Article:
The Chapel Hill study is well known as both the theoretical and empirical origin of agenda-setting theory. To a considerable degree, however, this study conducted by McCombs and Shaw (1972) during the 1968 presidential election also set the methodological agenda for a significant proportion of the hundred of empirical studies that have followed. Although the Chapel Hill study design was not the the first mass communication research study to use content analysis and survey research in tandem, it was the study that brought this combination of research methods to center stage in investigating cognitive effects. Over time, a number of tactical variations have evolved in research practice for investigating these agenda-setting effects. A four part typology summarizing these perspectives is frequently referred to as the Acapulco typology because McCombs initially presented it in Acapulco, Mexico, at the invitation of International Communication Association president elect Everett Rogers. This chapters explores international applications of the Acapulco typology. The typology is defined by two dimensions. The first considers the focus of attention: a set of issues on the agenda; or a single item on the agenda. The second distinguishes two ways of measuring the salience of items on the agenda: either as aggregate measures describing an entire population; or measures that describe individual responses.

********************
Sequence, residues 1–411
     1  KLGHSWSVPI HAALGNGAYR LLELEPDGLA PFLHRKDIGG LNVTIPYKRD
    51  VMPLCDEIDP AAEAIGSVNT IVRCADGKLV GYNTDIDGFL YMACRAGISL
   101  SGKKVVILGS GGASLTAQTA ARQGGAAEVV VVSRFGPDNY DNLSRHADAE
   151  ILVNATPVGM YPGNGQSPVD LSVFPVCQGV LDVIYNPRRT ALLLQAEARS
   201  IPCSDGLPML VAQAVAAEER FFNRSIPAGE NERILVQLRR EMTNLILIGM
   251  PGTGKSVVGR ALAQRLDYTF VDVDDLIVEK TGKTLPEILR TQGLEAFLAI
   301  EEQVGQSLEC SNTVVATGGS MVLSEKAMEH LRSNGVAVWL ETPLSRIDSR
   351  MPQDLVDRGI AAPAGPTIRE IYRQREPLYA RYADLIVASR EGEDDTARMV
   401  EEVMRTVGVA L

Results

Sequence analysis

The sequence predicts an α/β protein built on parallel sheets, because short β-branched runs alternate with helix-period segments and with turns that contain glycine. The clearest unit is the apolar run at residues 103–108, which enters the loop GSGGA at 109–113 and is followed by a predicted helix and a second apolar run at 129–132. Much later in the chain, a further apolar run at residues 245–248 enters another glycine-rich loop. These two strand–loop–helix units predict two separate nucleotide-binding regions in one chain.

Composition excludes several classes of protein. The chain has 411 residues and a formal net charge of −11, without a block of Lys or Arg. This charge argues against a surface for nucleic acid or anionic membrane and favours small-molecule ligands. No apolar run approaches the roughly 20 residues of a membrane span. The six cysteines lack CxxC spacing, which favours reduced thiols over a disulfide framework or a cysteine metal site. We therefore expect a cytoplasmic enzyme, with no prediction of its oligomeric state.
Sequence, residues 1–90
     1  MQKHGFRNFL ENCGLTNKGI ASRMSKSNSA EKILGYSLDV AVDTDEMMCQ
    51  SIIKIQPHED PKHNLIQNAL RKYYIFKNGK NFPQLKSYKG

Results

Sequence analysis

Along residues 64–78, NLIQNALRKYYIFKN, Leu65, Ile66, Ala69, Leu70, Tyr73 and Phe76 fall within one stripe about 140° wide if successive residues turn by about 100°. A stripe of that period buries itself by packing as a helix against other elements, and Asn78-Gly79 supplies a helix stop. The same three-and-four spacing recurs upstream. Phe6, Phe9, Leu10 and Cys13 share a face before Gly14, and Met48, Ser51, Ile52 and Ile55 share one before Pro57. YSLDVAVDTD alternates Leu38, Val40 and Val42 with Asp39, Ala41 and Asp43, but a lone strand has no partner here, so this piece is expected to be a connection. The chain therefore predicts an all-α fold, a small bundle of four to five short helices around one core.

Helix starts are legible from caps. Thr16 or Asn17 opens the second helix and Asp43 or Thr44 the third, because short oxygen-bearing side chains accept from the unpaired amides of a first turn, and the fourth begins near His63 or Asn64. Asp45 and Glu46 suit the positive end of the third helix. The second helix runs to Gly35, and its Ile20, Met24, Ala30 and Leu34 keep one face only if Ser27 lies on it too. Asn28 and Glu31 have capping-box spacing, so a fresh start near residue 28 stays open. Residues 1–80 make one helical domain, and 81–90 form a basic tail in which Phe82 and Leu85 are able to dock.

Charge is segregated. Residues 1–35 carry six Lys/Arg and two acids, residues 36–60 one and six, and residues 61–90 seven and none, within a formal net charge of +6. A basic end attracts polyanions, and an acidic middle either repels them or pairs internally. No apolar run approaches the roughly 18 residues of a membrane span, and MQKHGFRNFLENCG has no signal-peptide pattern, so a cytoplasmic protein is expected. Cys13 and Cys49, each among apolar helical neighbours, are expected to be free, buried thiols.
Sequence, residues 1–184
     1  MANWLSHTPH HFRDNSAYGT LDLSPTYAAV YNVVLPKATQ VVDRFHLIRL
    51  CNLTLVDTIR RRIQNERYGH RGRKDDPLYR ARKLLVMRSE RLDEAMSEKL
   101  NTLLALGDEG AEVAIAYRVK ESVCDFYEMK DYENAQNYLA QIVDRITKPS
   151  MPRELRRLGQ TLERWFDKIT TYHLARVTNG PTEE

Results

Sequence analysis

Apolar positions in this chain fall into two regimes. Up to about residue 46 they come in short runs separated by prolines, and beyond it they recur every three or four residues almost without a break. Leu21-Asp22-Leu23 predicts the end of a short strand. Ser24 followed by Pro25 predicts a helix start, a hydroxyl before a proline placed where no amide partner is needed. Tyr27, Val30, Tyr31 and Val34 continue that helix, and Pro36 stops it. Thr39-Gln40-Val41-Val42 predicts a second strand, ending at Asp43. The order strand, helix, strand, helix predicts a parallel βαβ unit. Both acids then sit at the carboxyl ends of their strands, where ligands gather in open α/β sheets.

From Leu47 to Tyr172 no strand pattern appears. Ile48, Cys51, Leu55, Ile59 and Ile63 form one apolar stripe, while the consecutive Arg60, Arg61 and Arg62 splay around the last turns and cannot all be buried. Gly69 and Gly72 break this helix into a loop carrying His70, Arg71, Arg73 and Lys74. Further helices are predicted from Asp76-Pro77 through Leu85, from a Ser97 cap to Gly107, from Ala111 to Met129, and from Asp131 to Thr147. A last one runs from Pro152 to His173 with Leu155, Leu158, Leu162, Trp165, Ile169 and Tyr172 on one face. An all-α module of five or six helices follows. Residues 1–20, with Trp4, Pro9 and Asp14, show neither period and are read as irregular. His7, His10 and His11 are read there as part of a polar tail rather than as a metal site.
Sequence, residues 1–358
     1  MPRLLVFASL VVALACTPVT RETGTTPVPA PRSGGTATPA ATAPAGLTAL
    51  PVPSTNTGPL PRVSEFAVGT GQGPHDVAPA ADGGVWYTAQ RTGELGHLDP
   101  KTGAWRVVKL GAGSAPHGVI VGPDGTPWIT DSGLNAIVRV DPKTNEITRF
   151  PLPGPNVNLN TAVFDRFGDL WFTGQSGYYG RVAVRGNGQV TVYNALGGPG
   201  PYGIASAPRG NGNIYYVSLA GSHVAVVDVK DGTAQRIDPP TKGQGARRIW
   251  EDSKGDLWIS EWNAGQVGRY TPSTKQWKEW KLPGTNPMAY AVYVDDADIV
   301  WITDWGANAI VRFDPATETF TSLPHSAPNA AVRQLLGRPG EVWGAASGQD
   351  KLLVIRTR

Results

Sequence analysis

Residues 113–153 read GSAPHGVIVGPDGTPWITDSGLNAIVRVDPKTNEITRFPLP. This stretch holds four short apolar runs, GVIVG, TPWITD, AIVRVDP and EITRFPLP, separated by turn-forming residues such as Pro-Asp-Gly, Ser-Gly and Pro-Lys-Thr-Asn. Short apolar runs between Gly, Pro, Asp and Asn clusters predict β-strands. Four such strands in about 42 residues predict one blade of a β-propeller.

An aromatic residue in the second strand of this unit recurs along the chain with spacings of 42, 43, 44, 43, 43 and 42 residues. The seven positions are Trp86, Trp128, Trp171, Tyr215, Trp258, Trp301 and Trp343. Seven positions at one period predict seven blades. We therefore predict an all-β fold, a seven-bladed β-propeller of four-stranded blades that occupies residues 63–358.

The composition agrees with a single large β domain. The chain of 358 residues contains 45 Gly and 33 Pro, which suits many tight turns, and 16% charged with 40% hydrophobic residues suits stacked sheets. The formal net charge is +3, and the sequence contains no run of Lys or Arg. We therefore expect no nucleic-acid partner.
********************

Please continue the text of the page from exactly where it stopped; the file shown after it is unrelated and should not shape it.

Sourcebook for political communication research : methods, measures, and analytical techniques, Routledge, pp 383-394